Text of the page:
Eleven years after Australia adopted the Closing the Gap strategy, many pressing First Nations health issues remain unresolved.
The gap between Indigenous and non-Indigenous life expectancy, currently 10.8 years for men and 10.6 years for women, is actually widening.
Similarly, the target to close the gap between Indigenous and non-Indigenous child mortality has not been met. The Indigenous rate of 164 deaths per 100,000 children aged 0-4 years is still 2.4 times the non-Indigenous rate of 68 deaths per 100,000 in this age group.
The causes of Indigenous health inequality are complex. They stem from social determinants such as employment, education, social inclusion, and access to traditional land, rather than strictly biomedical causes.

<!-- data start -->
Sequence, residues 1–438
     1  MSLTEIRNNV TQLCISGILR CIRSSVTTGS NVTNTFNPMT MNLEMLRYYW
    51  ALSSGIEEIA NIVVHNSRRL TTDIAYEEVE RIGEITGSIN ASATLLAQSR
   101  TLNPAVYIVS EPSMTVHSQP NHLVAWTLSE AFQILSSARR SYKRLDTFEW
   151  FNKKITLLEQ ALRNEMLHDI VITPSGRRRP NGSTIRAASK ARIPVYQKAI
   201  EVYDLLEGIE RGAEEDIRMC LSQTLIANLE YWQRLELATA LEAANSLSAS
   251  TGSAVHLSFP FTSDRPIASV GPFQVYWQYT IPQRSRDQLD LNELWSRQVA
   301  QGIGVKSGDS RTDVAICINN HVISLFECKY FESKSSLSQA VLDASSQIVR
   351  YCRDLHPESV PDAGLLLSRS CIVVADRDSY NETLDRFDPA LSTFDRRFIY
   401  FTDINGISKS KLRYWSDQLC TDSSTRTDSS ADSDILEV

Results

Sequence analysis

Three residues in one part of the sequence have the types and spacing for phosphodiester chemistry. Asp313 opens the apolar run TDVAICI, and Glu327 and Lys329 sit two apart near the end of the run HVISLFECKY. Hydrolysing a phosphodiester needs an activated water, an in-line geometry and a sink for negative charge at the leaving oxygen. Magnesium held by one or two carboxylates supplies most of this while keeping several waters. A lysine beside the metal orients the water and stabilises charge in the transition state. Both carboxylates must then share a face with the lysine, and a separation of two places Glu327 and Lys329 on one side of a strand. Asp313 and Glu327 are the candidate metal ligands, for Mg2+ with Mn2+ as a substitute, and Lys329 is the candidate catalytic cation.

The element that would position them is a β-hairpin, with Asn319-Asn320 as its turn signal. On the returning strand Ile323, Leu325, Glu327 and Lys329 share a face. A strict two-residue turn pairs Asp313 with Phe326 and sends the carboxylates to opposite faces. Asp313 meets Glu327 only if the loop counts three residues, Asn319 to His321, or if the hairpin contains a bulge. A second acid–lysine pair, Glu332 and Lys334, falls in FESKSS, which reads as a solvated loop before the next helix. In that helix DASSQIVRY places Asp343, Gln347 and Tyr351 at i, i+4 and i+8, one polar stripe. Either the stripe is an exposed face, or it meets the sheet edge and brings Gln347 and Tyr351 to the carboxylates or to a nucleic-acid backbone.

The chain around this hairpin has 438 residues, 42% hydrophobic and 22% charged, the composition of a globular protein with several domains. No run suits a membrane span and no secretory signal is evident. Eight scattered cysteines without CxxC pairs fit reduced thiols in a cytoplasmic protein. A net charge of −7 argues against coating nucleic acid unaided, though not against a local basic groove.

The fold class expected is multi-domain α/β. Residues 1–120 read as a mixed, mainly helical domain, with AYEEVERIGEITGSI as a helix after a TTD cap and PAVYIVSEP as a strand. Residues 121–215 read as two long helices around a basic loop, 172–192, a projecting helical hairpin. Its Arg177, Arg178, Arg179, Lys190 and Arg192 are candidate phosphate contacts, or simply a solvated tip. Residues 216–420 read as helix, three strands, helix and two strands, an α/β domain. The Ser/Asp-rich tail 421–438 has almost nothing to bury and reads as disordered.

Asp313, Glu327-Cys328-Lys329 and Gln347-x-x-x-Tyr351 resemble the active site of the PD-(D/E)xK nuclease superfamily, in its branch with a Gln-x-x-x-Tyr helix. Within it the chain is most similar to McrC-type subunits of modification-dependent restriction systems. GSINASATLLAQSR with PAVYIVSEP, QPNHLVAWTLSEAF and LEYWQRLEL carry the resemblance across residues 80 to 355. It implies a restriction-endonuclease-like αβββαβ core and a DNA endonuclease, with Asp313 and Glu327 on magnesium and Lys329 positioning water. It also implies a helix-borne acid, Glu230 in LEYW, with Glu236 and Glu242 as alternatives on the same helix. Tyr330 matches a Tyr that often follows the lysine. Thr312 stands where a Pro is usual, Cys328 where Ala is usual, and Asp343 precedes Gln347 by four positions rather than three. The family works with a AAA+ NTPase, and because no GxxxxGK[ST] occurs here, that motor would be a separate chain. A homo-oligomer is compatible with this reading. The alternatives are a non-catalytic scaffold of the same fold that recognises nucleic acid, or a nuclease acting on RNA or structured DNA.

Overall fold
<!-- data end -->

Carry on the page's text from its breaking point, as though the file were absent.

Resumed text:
Government policies have a critical role to play here. But funding cuts, policy incoherence, and governments retaining control over resources and decision-making explain why the gaps between Indigenous and non-Indigenous health outcomes are not closing.
Regardless of who wins the federal election on May 18, these enduring health issues affecting Indigenous Australians will require sustained and concerted policy attention.
A look at the major parties’ policy promises reveals some signs of hope, but also plenty of room for improvement.
Read the full article on The Conversation.